7. Tim,

    Touche’, great response! You’re right and I stand corrected with the tern “actual evangelism.” I guess what I was meaning was, does your church structure allow for other brothers or sisters in Christ from other places to come and assist you in evangelism (perhaps areas which you are thinking of church planting).
    Obviously, it it the Holy Spirit who illuminates the person being “evangelized,” and it is much more effective if that person can then be plugged into a community of believers for real discipleship. I believe in the regenerative power of the Word, not a ‘magical saying.” Therefore, my question would be then: if OM doesn’t work out (for whatever reason), would your church (an I understand, I do not mean building but body of believers) be interested in outside brotherly assistance. Also, if OM does work-out, I think I would like to get people plugged into your network. I find it Biblical, yet revolutionary towards dogmatic Christianity.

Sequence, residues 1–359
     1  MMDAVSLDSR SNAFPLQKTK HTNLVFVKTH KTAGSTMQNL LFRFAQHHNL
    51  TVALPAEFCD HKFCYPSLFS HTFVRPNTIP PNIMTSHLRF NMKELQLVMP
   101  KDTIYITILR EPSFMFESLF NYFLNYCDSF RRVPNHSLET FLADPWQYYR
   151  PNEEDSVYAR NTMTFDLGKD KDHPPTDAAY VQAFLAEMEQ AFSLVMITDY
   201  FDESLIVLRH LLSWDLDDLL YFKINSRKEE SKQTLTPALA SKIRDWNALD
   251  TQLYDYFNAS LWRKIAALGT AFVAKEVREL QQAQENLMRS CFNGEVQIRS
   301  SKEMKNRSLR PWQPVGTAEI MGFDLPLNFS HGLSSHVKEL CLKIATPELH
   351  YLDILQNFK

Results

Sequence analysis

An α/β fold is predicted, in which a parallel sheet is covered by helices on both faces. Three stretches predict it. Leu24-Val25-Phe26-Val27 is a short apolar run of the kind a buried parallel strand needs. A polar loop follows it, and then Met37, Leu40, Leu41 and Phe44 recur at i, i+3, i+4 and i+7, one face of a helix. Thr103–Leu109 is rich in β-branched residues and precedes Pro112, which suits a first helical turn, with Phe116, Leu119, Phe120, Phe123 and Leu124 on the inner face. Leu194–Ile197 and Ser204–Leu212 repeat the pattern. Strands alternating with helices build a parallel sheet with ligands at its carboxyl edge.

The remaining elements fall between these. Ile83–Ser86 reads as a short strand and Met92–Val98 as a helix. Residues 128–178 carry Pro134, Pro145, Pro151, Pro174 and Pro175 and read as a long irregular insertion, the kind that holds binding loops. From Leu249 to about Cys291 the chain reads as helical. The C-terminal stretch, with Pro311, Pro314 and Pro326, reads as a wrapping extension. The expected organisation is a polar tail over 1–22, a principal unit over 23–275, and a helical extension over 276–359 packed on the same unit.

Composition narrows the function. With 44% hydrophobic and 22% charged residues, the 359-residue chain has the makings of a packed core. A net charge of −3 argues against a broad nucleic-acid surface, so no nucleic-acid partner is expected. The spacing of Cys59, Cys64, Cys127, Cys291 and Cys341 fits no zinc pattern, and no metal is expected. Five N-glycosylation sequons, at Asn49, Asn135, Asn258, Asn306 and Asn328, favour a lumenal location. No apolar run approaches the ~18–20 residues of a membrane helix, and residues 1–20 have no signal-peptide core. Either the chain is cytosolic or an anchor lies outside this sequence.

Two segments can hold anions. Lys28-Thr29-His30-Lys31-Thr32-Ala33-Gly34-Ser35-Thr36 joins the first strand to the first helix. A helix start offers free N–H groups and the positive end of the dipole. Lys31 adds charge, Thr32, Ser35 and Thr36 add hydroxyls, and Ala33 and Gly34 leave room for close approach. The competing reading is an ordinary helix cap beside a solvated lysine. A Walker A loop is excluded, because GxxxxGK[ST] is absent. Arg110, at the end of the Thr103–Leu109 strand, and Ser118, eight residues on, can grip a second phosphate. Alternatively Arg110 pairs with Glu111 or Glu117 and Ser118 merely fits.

Thank again for your time Tim, God bless.

    His servant and yours,
    Matthew

  8. Hi Matthew, we have in the past run a summer short-term event called Summer in the City. And there was talk we might do it again this summer, but I don’t know where that decision is up to. Tim